Power Napping: An Overlook Tool for Preventing Auto Accidents in Charlotte?

February 21, 2013, by Michael A. DeMayo

How many serious accidents in Charlotte could be prevented, if drivers, pedestrians, and truckers all napped more?

Silly question? Perhaps.

We like to explore the theme of auto accident prevention often on this blog, since it’s such a critical one. Many law blogs often serve as little more than thinly veiled self-promotional tools or as a “poor man’s” AP or CNN. But we at DeMayo Law believe deeply in the value of educating people–prospects and non-prospects alike–about better road safety. This passion to make the roads safer is a deeply held value. Consider, for instance, the DeMayo “Arrive Alive” program, which strives to reduce DUI driving and accidents in our community.

During our ongoing discussion, we try to go deeper than the typical “auto safety 101” type articles that have proliferated online. You already, undoubtedly, know to avoid using your cell phone while you drive, to pay attention to the road, to get your car tuned up, etc., etc.

But you might benefit from thinking about safe driving in new contexts.

For instance, consider the lowly “power nap.” Could it be an untapped tool to help us all become safer drivers? Statistics show that a significant percentage of North Carolina population does not get enough good sleep. And studies link sleep deprivation with all sorts of endocrinological problems, stress, etc. Of course, it’s difficult to know what causes what in this relationship. Does the lack of sleep cause or exacerbate the medical conditions? Or do these medical conditions cause insomnia?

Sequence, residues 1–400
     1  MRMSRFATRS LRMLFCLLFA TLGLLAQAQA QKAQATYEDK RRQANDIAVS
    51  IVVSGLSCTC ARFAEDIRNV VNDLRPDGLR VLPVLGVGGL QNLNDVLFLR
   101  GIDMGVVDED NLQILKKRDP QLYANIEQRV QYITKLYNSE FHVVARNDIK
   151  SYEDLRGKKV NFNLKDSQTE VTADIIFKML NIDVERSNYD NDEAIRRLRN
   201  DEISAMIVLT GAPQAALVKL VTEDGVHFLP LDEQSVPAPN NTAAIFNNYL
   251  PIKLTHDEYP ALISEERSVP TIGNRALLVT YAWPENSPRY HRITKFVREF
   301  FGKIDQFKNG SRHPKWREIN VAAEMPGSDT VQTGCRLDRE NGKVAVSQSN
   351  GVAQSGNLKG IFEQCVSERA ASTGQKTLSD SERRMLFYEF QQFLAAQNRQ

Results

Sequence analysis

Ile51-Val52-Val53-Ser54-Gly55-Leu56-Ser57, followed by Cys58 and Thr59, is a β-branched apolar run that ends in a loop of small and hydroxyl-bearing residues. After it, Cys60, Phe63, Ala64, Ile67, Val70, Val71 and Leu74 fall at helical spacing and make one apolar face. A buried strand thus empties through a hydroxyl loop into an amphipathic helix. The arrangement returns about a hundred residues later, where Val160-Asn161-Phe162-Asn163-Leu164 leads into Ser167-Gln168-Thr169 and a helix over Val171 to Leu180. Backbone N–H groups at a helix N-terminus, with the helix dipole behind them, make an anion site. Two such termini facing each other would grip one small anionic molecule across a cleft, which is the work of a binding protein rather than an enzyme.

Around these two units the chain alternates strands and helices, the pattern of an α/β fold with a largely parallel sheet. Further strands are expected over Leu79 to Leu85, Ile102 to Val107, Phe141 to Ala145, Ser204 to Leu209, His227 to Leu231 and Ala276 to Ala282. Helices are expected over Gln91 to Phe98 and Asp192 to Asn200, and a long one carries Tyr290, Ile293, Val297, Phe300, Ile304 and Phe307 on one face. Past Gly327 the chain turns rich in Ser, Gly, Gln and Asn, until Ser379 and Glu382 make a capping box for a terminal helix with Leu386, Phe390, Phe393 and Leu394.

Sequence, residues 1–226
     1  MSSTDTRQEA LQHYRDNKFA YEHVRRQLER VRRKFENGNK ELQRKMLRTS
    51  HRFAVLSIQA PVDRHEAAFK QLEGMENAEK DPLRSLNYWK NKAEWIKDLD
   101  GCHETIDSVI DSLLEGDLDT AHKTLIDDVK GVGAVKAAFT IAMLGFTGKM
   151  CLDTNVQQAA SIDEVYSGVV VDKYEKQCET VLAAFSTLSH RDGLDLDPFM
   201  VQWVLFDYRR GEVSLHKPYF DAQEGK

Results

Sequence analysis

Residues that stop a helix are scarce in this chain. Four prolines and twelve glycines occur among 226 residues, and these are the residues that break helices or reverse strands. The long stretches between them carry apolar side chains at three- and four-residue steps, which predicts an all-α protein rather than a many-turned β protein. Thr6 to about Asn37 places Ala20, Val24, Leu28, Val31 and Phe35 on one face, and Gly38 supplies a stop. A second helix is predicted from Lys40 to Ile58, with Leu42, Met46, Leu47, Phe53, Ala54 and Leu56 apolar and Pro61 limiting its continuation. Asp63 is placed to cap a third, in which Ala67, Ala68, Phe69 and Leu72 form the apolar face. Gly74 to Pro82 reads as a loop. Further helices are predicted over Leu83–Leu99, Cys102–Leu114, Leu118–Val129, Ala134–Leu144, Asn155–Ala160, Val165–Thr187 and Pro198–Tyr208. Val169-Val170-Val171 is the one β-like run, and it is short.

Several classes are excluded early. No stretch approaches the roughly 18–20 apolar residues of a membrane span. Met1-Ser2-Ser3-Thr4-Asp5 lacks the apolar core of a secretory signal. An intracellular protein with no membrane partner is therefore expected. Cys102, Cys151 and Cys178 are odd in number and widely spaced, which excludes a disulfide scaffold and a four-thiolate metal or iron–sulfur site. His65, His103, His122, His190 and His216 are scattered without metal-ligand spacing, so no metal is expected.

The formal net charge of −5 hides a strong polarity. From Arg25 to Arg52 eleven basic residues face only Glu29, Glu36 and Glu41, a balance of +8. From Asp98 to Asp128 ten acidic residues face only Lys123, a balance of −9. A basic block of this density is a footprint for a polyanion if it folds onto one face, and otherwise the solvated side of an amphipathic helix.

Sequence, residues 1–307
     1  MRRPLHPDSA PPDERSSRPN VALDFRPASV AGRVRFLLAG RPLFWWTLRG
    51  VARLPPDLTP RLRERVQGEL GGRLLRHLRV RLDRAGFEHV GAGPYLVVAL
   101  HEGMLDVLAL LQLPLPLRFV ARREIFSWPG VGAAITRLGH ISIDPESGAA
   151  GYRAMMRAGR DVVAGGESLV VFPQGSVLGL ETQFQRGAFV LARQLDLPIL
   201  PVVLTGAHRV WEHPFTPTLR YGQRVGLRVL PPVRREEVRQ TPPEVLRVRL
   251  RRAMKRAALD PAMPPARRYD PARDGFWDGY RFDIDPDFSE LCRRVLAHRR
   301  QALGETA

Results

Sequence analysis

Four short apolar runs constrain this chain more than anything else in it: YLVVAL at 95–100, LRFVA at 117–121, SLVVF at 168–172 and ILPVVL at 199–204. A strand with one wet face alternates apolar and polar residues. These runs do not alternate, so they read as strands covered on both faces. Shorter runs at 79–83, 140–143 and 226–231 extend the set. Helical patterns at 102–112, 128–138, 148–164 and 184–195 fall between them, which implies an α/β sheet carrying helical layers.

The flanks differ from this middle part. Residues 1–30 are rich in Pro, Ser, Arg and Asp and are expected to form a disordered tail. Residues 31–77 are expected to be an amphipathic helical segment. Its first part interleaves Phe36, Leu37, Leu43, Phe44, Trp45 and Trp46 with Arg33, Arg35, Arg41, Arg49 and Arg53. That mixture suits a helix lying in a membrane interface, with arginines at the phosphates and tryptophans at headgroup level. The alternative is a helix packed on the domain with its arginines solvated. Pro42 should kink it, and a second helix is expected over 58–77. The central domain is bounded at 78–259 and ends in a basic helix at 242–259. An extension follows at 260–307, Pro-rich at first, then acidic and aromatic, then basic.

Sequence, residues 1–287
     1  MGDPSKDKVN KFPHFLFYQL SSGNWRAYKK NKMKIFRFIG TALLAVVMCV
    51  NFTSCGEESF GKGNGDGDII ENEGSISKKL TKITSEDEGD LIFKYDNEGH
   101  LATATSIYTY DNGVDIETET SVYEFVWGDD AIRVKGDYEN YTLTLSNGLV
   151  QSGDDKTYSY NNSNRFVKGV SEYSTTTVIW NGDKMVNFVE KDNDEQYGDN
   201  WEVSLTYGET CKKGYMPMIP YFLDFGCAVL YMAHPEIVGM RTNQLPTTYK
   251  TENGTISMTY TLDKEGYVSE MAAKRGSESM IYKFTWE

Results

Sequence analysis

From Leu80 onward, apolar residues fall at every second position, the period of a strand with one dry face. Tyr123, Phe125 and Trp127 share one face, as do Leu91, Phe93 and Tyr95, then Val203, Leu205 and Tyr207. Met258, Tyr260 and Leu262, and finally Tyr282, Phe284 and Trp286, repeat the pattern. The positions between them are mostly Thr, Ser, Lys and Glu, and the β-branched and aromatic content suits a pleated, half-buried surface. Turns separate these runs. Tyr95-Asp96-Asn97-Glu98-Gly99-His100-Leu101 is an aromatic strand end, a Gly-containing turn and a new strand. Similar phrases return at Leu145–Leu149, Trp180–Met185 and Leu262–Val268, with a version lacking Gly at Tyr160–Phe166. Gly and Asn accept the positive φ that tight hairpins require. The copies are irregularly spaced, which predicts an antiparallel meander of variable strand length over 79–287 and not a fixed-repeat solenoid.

It’s not easy to parse without digressing into a long discussion of scientific literature. But at least some compelling research supports this concept of “power napping”–that is, taking a 20 to 30 minute siesta in the middle of the day.

If napping can help improve attention span, reduce stress, improve blood sugar, reduce medical problems like obesity and diabetes, etc. … then just imagine what would happen if the entire state of North Carolina adopted a “nap 20 minutes a day” outreach program or something like that. If ubiquitous power napping had positive effects, than this outreach could have a real and positive impact not just on our health, but also on road accident statistics.

Even though we may not reach “siesta utopia” any time soon, consider starting your own daily napping practice. You might find that your energy levels improve and that you become a safer driver.

For help dealing with the aftermath of your recent car crash in North Carolina, get in touch with the DeMayo Law team today for an insightful, thorough, and confidential free consultation. Call us at 1.877.529.1222.


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